For someone who considers herself a writer (I do. I am.) it amuses me and surprises others when I announce, if asked, that I’m not interested in writing a book. Well except maybe my memoir–isn’t everyone writing a memoir?
But writing an actual book? No. I know how much time and effort goes into such an endeavor–why would I opt for that?
Except that well, maybe I am. The book idea literally dropped into my brain the other night after the long ride home from a Christmas visit to my son’s. I had a few Deep Thoughts while traveling in the car, a reflective time of our four days together, but I had no idea my thoughts would turn into anything. When I sat down to download my thoughts on paper I ended up with an outline, chapter sections, an introduction and marketing plan.
I’m sure every author starts in such an inspired fashion. Of course the hard part, the seemingly impossible part, is to finish the job with the perspiration part, to misquote Einstein.
But this post is not about the book idea but the idea of a book. Those are two different things.
For everything we do begins with an idea. And it’s the DOING that sometimes keeps us from even beginning.
Our pastor’s message last Sunday was about Nehemiah’s rebuilding the wall around Jerusalem. Prodded by a broken heart for the condition of God’s city, Nehemiah asked for permission from the King to return to Judah and assess the situation. He began the task alone under cover of dark, surveying the project and noting what needed to be done.
After Nehemiah gathered the information, he returned to the King and asked to begin the work. Permission was granted; Nehemiah solicited help and commenced building, stone by stone, day by day. And 52 days later they were done.
The point of the message: Start Small. Start Now.
Perhaps the progress you seek will take more than 52 days; it may be more like 52 weeks. Life changing work usually takes little lifetimes. But that shouldn’t frighten you from taking the first step.
What is your small step?
As I scribbled these notes in my journal, I couldn’t help think about the observance of Epiphany on January 6th. Epiphany is an ancient feast day still celebrated by many that marks the Magi’s visit to the Christ Child. When God began His world-changing, bigger-than-life plan, he sent a baby.
Then the baby grew up to become the reference point for every other part of history–we mark our lives in time because of Jesus’ birth.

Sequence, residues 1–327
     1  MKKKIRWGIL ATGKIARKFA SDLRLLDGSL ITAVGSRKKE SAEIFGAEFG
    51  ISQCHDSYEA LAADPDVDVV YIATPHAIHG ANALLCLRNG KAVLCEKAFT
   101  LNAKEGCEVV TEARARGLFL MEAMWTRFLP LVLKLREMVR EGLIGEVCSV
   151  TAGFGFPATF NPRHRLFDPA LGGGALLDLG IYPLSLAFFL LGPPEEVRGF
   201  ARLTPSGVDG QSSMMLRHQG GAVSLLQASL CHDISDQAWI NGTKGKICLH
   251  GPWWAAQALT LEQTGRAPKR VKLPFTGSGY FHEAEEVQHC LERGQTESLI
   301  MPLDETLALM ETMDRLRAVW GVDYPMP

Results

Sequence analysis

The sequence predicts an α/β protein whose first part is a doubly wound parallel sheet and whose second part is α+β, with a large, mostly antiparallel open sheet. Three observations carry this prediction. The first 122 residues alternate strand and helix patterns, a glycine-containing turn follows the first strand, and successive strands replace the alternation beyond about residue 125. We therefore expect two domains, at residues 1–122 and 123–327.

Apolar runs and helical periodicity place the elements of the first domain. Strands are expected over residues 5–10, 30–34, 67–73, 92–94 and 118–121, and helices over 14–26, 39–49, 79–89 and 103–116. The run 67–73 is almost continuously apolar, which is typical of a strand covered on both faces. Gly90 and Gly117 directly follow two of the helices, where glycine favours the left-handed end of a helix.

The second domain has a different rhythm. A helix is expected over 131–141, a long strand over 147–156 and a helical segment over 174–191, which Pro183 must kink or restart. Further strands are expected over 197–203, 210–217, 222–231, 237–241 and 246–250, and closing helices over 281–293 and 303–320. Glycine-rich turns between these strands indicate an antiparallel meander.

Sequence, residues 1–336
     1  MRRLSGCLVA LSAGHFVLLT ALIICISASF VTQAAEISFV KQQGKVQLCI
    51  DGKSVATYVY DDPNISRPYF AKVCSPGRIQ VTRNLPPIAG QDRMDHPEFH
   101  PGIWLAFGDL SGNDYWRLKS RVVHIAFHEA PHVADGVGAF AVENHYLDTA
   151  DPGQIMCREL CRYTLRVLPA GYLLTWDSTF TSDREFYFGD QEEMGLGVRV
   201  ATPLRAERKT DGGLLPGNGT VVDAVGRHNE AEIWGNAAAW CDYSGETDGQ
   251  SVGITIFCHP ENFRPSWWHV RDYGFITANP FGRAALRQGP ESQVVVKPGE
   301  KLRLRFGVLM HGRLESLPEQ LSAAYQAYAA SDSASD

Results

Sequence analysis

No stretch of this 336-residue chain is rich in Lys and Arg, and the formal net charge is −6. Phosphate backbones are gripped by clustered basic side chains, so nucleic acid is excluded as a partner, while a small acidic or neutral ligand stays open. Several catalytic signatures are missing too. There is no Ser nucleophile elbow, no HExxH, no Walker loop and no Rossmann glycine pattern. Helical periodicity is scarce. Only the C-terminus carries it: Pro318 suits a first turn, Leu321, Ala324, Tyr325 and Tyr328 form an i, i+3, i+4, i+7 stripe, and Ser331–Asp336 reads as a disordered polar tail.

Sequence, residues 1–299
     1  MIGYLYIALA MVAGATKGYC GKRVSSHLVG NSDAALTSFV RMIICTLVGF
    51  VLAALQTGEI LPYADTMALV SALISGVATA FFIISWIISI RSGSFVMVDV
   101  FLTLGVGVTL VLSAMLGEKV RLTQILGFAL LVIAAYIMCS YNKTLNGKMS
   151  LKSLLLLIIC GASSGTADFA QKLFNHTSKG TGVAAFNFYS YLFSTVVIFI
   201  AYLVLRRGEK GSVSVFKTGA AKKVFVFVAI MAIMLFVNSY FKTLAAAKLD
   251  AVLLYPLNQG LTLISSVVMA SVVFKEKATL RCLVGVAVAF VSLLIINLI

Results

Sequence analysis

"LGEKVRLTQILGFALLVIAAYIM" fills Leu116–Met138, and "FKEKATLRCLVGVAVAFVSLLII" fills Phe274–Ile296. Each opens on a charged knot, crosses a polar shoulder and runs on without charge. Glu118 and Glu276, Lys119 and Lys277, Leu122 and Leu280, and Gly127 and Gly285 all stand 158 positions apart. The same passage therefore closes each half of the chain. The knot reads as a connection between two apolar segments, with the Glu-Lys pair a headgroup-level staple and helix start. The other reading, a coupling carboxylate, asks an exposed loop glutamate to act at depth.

Even Jesus started small; his band of brothers was only a dozen men, disciples whom he faithfully ministered to day by day, word by word, walk by dusty walk. He never questioned His Father’s ability to accomplish what He promised, he simply chatted with children, ate a meal with those who welcomed him, went fishing with friends.
Oh, and walked the way to the Cross.
Our little lives will never lead us to die on a cross, but we are all being called to die in some way. Die to our own ideas and listen to the Father’s direction for us alone. To ignore the naysayers who come along to discourage and distract us. To keep our eyes towards our task instead of looking at the size of what we want to accomplish.
There is always something to lay down, die to, step away from, put off–you fill in the blank–so that we can pick up something else.
Do you want to write a book? Lay down your insecurity and start journaling every day.
Is there a relationship that needs mending? Leave your fear behind and begin with a phone call.
Interested in being healthier this year? Put aside your self-doubt, get up off the couch and go for a walk.
With the beginning of this new year, perhaps the best way to make a new start is to sit in the quiet (or the dark) and just look and listen, then ask, “God, is this from you?”
Assess what you think you’re hearing–“It looks like this is what I think needs to be done.”
Then when the task looks overwhelming, remember to ask for help, “Father, without you by my side, this will never be done. I’m laying down what’s in my hand and picking up this small stone instead.”
And then begin.